Only Bernie Sanders has adopted a position of outright rejection.  In May 2015, shortly after declaring his candidacy, Sanders was asked at a public meeting about the trillion dollar nuclear weapons program.  He replied:  “What all of this is about is our national priorities.  Who are we as a people?  Does Congress listen to the military-industrial complex” that “has never seen a war that they didn’t like?  Or do we listen to the people of this country who are hurting?”  In fact, Sanders is one of only three U.S. Senators who support the SANE Act, legislation that would significantly reduce U.S. government spending on nuclear weapons.  In addition, on the campaign trail, Sanders has not only called for cuts in spending on nuclear weapons, but has affirmed his support for their total abolition.

Nevertheless, given the failure of the presidential debate moderators to raise the issue of nuclear weapons “modernization,” the American people have been left largely uninformed about the candidates’ opinions on this subject.  So, if Americans would like more light shed on their future president’s response to this enormously expensive surge in the nuclear arms race, it looks like they are the ones who are going to have to ask the candidates the trillion dollar question.

Lawrence S. Wittner is Professor of History emeritus at SUNY/Albany. His latest book is a satirical novel about university corporatization and rebellion, What’s Going On at UAardvark?

More articles by:

2016 Fund Drive
Smart. Fierce. Uncompromised. Support CounterPunch Now!

  • cp-store
  • donate paypal

CounterPunch Magazine

minimag-edit

Weekend Edition
September 30, 2016
Friday - Sunday
Henry Giroux
Thinking Dangerously in the Age of Normalized Ignorance
Stanley L. Cohen
Israel and Academic Freedom: a Closed Book
Paul Craig Roberts – Michael Hudson
Can Russia Learn From Brazil’s Fate? 
Andrew Levine
A Putrid Election: the Horserace as Farce
Mike Whitney
The Biggest Heist in Human History
Jeffrey St. Clair
Roaming Charges: the Sick Blue Line
Rob Urie
The Twilight of the Leisure Class
Vijay Prashad
In a Hall of Mirrors: Fear and Dislike at the Polls
Alexander Cockburn
The Man Who Built Clinton World
John Wight
Who Will Save Us From America?
Pepe Escobar
Afghanistan; It’s the Heroin, Stupid
W. T. Whitney
When Women’s Lives Don’t Matter
Julian Vigo
“Ooops, I Did It Again”: How the BBC Funnels Stories for Financial Gain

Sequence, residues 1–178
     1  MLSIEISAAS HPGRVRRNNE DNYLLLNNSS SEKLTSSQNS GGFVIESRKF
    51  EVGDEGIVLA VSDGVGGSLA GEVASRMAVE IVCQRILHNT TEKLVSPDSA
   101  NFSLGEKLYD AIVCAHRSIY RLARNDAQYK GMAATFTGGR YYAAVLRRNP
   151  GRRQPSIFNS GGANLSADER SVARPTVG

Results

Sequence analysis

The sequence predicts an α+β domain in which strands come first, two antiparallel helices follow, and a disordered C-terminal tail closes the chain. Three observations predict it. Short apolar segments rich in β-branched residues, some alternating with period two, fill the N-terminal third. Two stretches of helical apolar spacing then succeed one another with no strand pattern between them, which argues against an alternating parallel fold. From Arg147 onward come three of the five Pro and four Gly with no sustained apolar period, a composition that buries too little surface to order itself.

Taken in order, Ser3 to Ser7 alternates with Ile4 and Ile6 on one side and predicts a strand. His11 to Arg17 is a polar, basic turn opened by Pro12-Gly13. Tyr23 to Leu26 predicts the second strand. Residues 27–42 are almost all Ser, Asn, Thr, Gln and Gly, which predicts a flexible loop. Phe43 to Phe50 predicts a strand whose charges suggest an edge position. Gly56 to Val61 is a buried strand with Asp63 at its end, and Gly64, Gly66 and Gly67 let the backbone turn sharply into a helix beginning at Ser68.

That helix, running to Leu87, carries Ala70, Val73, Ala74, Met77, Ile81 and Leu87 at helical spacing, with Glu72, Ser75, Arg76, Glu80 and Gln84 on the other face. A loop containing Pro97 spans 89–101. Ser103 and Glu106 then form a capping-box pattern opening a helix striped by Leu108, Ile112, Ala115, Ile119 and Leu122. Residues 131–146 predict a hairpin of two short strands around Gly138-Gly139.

Howard Lisnoff
What was Missing From The Nation’s Interview with Bernie Sanders
Jeremy Brecher
Dakota Access Pipeline and the Future of American Labor
Binoy Kampmark
Pictures Left Incomplete: MH17 and the Joint Investigation Team
Andrew Kahn
Nader Gave Us Bush? Hillary Could Give Us Trump
Steve Horn
Obama Weakens Endangered Species Act
Dave Lindorff
US Propaganda Campaign to Demonize Russia in Full Gear over One-Sided Dutch/Aussie Report on Flight 17 Downing
John W. Whitehead
Uncomfortable Truths You Won’t Hear From the Presidential Candidates
Ramzy Baroud
Shimon Peres: Israel’s Nuclear Man
Brandon Jordan
The Battle for Mercosur
Murray Dobbin
A Globalization Wake-Up Call
Jesse Ventura
Corrupted Science: the DEA and Marijuana
Richard W. Behan
Installing a President by Force: Hillary Clinton and Our Moribund Democracy
Andrew Stewart
The Democratic Plot to Privatize Social Security
Daniel Borgstrom
On the Streets of Oakland, Expressing Solidarity with Charlotte
Marjorie Cohn
President Obama: ‘Patron’ of the Israeli Occupation
Norman Pollack
The “Self-Hating” Jew: A Critique
David Rosen
The Living Body & the Ecological Crisis
Joseph Natoli
Thoughtcrimes and Stupidspeak: Our Assault Against Words
Ron Jacobs
A Cycle of Death Underscored by Greed and a Lust for Power
Uri Avnery
Abu Mazen’s Balance Sheet
Kim Nicolini
Long Drive Home
Louisa Willcox
Tribes Make History with Signing of Grizzly Bear Treaty
Art Martin
The Matrix Around the Next Bend: Facebook, Augmented Reality and the Podification of the Populace
Andre Vltchek
Failures of the Western Left
Ishmael Reed
Millennialism or Extinctionism?
Frances Madeson
Why It’s Time to Create a Cabinet-Level Dept. of Native Affairs
Laura Finley
Presidential Debate Recommendations
José Negroni
Mass Firings on Broadway Lead Singers to Push Back
Leticia Cortez
Entering the Historical Dissonance Surrounding Desafinados
Robert J. Burrowes
Gandhi: ‘My Life is My Message’
Charles R. Larson
Queen Lear? Deborah Levy’s “Hot Milk”
David Yearsley
Bring on the Nibelungen: If Wagner Scored the Debates
FacebookTwitterGoogle+RedditEmail
[i]
[i]
[i]
[i]